Of the three extant divisions of bryophytes, the hornworts (Anthocerotophyta) are thought to be the closest relative to vascular plants. Like the other two bryphyte divisions (the mosses and liverworts), the gametophyte is the dominant generation in hornworts. However, the protonema formed from the germinated spore resemble those of ferns and the locations of the anteridia (in groups in a chamber) and the archegonia (embedded inthe thallus) resemble those of the clubmosses (1).
Hornworts consist of a gametophyte thallus and a sporophyte thallus. The thallus differs from many other bryophytes in having only one chloroplast per cell, not possessing oil bodies and possessing a pyrenoid (1). This is a body that serves as a nucleus for starch storage. The thallus often has a bluish tinge to it due to the presence of the cyanobacteria Nostoc embedded within the tissues which serves to fix atmospheric nitrogen which can be transferred to the sporophyte (2). This can in turn transfer fixed carbon to the thallus. Its is from the large, elongated sporophyte that hornworts get their common name. Its size is due to the fact that it will continue to grow throughout its life. Growth is from a near basal meristem, unlike most other plants which grow from the top, a feature that is unique to hornworts.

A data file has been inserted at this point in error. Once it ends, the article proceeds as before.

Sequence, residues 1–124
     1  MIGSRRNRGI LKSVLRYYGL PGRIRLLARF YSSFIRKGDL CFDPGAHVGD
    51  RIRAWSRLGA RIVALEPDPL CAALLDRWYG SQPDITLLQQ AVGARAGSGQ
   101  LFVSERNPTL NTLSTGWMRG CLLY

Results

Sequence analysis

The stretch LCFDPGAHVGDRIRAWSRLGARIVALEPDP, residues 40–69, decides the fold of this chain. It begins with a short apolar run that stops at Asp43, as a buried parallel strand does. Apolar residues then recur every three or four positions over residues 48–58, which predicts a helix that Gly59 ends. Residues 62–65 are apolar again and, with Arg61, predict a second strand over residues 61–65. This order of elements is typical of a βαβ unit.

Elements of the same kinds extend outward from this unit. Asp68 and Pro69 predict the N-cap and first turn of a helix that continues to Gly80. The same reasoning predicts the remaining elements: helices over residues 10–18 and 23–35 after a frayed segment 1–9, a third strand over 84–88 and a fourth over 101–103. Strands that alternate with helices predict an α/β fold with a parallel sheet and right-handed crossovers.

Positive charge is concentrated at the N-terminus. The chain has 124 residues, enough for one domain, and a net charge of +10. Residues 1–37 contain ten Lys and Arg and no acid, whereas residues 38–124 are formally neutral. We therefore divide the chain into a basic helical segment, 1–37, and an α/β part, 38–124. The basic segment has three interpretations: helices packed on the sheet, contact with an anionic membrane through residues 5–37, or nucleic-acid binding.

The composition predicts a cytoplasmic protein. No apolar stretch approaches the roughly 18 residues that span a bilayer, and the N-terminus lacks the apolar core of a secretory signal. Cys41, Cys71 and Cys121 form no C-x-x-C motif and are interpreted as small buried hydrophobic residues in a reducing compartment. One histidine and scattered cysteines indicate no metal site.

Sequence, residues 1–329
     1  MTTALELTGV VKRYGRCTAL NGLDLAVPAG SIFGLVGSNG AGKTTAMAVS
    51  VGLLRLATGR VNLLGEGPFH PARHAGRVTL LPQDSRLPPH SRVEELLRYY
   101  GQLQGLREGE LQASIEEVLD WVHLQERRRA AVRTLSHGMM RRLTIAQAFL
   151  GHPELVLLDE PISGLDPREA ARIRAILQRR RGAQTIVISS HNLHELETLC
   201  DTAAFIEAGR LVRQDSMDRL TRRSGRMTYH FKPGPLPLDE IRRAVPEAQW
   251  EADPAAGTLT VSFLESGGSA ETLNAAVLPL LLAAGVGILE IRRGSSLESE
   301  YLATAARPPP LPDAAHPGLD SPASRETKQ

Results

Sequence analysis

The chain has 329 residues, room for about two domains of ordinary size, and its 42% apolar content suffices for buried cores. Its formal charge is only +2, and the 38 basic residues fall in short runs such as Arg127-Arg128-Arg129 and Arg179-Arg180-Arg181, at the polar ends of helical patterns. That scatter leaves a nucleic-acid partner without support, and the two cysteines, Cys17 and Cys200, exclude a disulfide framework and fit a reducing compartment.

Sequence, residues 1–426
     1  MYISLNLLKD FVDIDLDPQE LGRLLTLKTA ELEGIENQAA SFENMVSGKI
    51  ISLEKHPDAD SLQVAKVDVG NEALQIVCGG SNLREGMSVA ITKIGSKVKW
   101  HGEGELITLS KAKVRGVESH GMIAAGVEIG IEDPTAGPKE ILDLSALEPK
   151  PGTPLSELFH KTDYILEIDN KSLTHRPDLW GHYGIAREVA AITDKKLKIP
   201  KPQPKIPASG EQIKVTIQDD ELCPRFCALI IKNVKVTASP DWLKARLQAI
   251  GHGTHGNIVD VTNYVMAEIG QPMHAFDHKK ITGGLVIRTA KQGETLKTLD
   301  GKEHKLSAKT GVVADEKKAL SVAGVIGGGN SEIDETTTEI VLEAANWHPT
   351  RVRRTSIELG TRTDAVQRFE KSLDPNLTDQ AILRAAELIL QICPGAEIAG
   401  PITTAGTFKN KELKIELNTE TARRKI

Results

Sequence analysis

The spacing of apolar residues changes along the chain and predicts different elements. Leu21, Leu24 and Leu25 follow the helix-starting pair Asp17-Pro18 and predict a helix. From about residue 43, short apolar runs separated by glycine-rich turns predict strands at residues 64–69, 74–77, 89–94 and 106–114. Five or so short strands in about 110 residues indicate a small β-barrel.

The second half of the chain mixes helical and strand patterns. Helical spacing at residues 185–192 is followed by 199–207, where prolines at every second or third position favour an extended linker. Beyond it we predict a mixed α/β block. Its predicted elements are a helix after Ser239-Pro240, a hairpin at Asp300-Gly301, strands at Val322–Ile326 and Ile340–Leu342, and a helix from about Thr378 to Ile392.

Only three species of hornwort occur in Ireland (3) a number that is not all that surprising when one considers that there are only c. 300 species present worldwide (4). These are the Field Hornwort (Anthoceros agrestis), the Dotted Hornwort (Anthoceros punctatus) and the Smooth Hornwort (Phaeoceros laevis).
- Glime, 2007. Bryophyte Ecology. Volume 1. pp. 57-62 (online at http://www.bryoecol.mtu.edu/)
- Villarreal and Renzaglia, 2006. American Journal of Botany 93 pp. 693-705
- Taylor et al., 2009. Paleobotany (Second Edition) pp. 161-177